Mr. Moore's abrasive character will win him very few friends on the "right" side of the political spectrum, but that is quite in keeping with the gadfly's purpose in a democratic society. He certainly did not come off well in my opinion when the management of K-Mart made the surprise announcement that they would henceforth stop selling bullets in their stores. Moore seemed stunned that his shameless theatrics had actually accomplished something concrete, and could only mumble a half-hearted thank you to K-Mart.

Your reaction to "Bowling for Columbine" will largely depend on your political viewpoint, and even to a degree, your ethnic background. At the screening I just attended, judging by some of the vocal reactions from the audience, Mr. Moore is preaching to the converted, which is a pity, because some of these questions should be examined by the right and the left. But I left the theatre invigorated, and felt I had spent two hours on an important subject. I hope some of you who may feel this film will insult your beliefs, will give it a viewing and look for a common ground that we might all agree on. Heck, I even listen to Rush Limbaugh once in awhile just to hear what's going on with the "other side." And I have to tell you, Roger Moore is a hell of a lot more entertaining. IMHO.

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Old December 15th, 2003, 01:29 PM   #66
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Right. Let's understand the first thing straightaway, this film is NOT a documentary! Satire, maybe. Commentary, definitely. Advocacy, editorial, historical fiction, you name it. But not a documentary...to be a documentary it would have to be true. So he won an Oscar? Hey, Walter Duranty won a Pulitzer 70+ years ago for his shameless cover-ups and misrepresentation of Soviet atrocities. It doesn't make his work truthful or credible.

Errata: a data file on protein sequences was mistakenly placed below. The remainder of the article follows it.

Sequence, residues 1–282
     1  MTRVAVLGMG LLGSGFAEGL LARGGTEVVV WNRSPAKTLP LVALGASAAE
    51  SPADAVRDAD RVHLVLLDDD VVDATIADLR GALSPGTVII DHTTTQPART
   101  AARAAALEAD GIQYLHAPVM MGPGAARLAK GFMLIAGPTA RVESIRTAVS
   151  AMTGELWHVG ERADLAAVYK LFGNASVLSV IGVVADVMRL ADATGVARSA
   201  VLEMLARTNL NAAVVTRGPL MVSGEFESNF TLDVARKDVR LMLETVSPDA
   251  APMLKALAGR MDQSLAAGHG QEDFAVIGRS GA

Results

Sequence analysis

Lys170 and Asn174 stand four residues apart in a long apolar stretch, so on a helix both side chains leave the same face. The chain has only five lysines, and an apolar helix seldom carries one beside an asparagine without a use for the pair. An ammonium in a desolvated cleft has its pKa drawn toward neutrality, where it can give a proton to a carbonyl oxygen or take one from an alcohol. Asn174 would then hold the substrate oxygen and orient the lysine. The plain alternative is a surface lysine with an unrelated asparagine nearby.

What this film is to me is a startling case study of the power of editing--for good or ill, for truth or deception, information or disinformation. Bob Z gave one highly detailed example of Moore's use of editing to totally reverse the message from the facts; there are plenty of others...the part about the bank "giving away" rifles completely distorts the true sequence of events. And Moore portrays a facility that builds launch systems for broadcast satellites as a factory for weapons of mass destruction, etc. (Well, if they are used for dissemination of his movies they could be called weapons of mass deception! HAHA)

Even the name of the film is based on a falsehood: Littleton Police have refuted the claim that the murderers attended bowling class on the morning of their crimes.

Whether one is a liberal or conservative, the truth is still the truth, and Mr Moore is a total stranger to the truth. His farmboy appearance and smirky demeanour aside, his purpose is to distort in order to persuade. His infantile behaviour is a ruse. Eminem sets out to shock people with his outrageous words, but his works were never meant to be passed off as fact.

Anyway, film buffs, take this film as an object lesson in how you can make your footage say anything, even lies, with the right application of Final Cut Pro. Excuse me while I go practice my FCP chops.
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Old December 15th, 2003, 07:09 PM   #67
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I've been following the arguments for and against Moore's tactics in "Bowling for Columbine" (here and elsewhere) for some time with amusement. He does seem to have bent the "rules," but I wonder if his distortions are any worse than usual? I doubt any documentary, or 20/20 type program for that matter, would stand up flawlessly to the kind of scrutiny Moore's rabid detractors have subjected it to. I understand the film "Winged Migration" that was mentioned in here contains loads of staged footage. Some of those birds were actually raised in captivity just so they'd be easier to film. Does that make the film less authentic? Reality can be an elusive thing.